Abstract: The Geospatial techniques and its scope of applications have undergone an order of magnitude change since its advent and now it has been universally accepted as a most important and modern tool for mapping and monitoring of various natural resources as well as amenities and infrastructure. The huge and voluminous spatial database generated from various Remote Sensing platforms needs proper management like storage, retrieval, manipulation and analysis to extract desired information, which is beyond the capability of human brain. This is where the computer aided GIS technology came into existence. A GIS with major input from Remote Sensing satellites for the natural resource management applications must be able to handle the spatiotemporal data, supporting spatiotemporal quarries and other spatial operations. Software and the computer-based tools are designed to make things easier to the user and to improve the efficiency and quality of information processing tasks. The natural resources are a common heritage, which we have shared with the past generations, and our future generation will be inheriting these resources from us. Our greed for resource and our tremendous technological capacity to exploit them at a much larger scale has created a situation where we have started withdrawing from the future stocks.Bina petrochemical region had attracted the attention of the planners from the beginning of the five-year plan strategy for Industrial development. However, a number of projects were carried out in the individual Districts (Sagar, Vidisha, Guna and Ashoknagar) which also gave fruitful results, but no serious efforts have been made to involve the entire region. No use of latest Geospatial technique (Remote Sensing, GIS, GPS) to prepare a well structured computerized data base without which it is very different to retrieve, analyze and compare the data for monitoring as well as for planning the developmental activities in future.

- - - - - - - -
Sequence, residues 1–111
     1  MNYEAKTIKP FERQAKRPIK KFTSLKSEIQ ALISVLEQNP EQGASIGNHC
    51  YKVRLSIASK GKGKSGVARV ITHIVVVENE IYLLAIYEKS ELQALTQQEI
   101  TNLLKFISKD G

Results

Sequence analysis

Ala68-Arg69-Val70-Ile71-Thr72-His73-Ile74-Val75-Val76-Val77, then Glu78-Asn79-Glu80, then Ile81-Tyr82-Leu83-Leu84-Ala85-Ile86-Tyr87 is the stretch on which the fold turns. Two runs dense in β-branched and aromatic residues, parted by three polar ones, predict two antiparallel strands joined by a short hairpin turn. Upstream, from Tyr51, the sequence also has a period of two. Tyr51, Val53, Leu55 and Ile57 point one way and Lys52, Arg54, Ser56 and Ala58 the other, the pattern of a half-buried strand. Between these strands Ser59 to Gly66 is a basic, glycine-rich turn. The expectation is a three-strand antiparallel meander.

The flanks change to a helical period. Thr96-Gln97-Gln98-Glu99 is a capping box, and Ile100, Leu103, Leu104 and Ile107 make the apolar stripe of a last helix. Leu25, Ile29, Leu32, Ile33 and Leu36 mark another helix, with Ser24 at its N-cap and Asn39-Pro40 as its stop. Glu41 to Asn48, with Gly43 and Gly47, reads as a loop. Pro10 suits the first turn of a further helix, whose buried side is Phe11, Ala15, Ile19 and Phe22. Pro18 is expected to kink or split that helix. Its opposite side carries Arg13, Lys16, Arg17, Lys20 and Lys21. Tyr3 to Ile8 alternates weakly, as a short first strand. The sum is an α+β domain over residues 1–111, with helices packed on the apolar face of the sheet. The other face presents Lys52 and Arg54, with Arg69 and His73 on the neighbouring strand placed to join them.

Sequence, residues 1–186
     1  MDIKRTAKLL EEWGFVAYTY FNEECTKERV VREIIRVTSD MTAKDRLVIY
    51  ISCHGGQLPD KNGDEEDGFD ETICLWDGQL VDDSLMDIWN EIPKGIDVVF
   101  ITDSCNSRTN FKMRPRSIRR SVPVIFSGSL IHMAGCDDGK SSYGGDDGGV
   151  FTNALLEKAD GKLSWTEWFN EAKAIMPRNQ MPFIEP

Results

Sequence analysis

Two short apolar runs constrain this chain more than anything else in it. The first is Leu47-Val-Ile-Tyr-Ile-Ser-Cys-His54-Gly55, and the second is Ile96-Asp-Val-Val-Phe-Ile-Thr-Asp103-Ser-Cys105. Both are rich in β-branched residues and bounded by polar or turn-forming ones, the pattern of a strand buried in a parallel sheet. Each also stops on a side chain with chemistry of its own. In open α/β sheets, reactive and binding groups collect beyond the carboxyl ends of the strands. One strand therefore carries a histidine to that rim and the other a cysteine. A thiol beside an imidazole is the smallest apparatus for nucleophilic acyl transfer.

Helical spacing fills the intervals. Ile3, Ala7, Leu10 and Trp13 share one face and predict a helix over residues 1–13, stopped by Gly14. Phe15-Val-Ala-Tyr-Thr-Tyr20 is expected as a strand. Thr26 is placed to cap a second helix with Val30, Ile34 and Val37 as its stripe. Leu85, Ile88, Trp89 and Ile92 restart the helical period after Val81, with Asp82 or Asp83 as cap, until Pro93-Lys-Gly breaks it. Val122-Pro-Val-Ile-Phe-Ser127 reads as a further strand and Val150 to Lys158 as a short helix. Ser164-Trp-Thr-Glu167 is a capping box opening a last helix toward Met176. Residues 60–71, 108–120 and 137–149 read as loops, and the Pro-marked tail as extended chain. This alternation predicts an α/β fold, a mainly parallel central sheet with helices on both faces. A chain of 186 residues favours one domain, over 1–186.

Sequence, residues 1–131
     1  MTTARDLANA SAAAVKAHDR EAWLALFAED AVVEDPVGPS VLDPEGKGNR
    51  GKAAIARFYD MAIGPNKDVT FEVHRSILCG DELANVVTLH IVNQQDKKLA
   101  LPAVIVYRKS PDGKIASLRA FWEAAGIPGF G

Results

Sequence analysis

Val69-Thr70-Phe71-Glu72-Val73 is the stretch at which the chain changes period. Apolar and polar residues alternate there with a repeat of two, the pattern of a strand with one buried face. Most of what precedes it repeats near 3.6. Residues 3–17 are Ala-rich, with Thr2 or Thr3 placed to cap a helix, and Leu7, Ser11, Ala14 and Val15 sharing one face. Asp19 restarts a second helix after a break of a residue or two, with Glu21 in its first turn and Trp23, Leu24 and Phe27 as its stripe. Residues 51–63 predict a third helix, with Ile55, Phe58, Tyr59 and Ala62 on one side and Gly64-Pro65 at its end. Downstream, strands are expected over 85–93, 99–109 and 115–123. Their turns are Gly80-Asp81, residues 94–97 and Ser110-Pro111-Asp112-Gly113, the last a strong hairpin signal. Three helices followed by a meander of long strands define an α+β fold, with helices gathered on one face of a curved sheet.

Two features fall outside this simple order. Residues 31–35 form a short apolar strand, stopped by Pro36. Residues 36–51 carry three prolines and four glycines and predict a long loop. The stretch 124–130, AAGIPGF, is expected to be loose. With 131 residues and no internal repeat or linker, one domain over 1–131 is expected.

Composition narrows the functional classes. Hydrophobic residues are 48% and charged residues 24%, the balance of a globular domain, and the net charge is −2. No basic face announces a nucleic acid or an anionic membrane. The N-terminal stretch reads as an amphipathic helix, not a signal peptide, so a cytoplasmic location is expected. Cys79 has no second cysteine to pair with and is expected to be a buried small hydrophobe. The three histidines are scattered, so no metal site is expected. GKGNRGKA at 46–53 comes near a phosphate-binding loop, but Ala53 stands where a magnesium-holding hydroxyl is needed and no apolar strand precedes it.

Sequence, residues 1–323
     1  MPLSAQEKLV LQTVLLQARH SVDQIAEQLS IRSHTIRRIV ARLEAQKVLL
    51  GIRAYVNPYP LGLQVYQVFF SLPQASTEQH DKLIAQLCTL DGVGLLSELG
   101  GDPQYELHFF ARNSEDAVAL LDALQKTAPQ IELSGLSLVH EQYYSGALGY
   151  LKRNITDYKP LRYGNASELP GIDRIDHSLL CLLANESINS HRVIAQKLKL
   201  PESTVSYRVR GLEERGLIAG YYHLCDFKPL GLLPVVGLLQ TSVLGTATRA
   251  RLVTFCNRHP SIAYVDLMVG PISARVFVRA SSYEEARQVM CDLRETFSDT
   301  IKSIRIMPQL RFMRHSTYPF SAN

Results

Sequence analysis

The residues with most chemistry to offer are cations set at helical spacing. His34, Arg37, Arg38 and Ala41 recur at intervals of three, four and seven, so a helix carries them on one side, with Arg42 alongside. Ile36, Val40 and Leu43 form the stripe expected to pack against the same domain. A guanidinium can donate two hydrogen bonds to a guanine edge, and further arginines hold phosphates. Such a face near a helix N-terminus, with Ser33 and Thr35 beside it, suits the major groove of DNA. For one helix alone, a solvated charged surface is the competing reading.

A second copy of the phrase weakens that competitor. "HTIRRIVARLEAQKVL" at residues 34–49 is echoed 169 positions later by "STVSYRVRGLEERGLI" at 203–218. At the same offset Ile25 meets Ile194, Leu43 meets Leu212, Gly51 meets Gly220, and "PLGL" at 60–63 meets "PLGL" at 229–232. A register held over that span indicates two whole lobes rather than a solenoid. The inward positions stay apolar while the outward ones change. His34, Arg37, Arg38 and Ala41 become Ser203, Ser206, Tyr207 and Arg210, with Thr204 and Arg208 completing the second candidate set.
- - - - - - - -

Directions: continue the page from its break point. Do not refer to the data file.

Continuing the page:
What am I? Supercooled droplet or ice?
Carlo Antonini,Adrian Mularczyk,Tanmoy Maitra,Manish K. Tiwari,Dimos Poulikakos
Physics , 2013,
Abstract: In this fluid dynamics video we show the trick played by a supercooled liquid water drop against a superhydrophobic surface. The water drop shows a double personality, impacting onto the surface the first time while still in the liquid state, and then re-impacting as a frozen ice crystal.
Non-Darcy Mixed Convection between Differentially Heated Vertical Walls Filled with a Porous Material: Application of New Modified Adomian Decomposition Method  [PDF]
A. K. Tiwari, Premlata Singh
Open Journal of Fluid Dynamics (OJFD) , 2015, DOI: 10.4236/ojfd.2015.54037
Abstract: This paper presents non-Darcy mixed convective flow of an incompressible and viscous fluid in a differentially heated vertical channel filled with a porous material in the presence of a temperature dependent source/sink. The analytical solution of fourth order non-linear ordinary differential equation for temperature field, which is formed by eliminating velocity field from system of governing equations in non-dimensional form, is obtained by using new modified Adomian decomposition method (NMADM) in terms of various parameters. In order to illustrate the interactive influences of governing parameters on the temperature and velocity fields, a numerical study of the analytical solution is performed with respect to three categories of transport processes i) when forced convection is dominated, ii) when forced and natural convection are equal and iii) when natural convection is dominated. Analysis of all categories has revealed that the temperature and velocity profiles are increasing function of modified Darcy number while decreasing function of Forchheimer number.